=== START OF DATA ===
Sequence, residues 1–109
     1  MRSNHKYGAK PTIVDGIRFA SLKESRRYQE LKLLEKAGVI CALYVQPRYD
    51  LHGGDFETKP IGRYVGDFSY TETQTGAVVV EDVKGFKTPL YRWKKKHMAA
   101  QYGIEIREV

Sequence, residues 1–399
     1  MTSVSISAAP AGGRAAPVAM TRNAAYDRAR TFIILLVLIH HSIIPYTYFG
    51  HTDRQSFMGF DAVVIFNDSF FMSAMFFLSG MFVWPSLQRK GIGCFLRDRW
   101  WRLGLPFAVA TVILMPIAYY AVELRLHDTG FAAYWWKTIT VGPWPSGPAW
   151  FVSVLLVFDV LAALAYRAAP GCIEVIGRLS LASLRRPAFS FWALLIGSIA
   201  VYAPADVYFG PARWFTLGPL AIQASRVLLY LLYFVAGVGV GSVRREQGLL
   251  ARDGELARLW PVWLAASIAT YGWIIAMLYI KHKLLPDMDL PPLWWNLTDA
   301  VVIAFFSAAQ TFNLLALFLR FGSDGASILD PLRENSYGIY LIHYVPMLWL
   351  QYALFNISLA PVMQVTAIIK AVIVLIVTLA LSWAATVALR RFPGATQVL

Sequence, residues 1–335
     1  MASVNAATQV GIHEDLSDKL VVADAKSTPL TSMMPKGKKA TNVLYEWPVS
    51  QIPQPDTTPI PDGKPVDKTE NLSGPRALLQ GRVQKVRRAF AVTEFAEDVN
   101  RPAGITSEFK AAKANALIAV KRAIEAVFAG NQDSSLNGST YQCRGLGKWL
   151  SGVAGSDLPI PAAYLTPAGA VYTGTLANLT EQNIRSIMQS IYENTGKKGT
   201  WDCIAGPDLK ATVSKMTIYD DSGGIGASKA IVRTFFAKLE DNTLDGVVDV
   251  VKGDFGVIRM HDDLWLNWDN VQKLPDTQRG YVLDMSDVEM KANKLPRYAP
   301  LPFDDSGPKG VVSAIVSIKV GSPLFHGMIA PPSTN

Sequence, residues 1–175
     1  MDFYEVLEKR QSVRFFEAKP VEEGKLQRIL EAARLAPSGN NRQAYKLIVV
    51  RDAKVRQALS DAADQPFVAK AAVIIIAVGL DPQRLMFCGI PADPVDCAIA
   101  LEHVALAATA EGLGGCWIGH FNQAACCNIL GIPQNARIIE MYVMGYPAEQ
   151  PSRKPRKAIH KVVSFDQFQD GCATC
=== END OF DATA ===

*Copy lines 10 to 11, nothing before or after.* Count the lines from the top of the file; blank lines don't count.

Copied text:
   201  VYAPADVYFG PARWFTLGPL AIQASRVLLY LLYFVAGVGV GSVRREQGLL
   251  ARDGELARLW PVWLAASIAT YGWIIAMLYI KHKLLPDMDL PPLWWNLTDA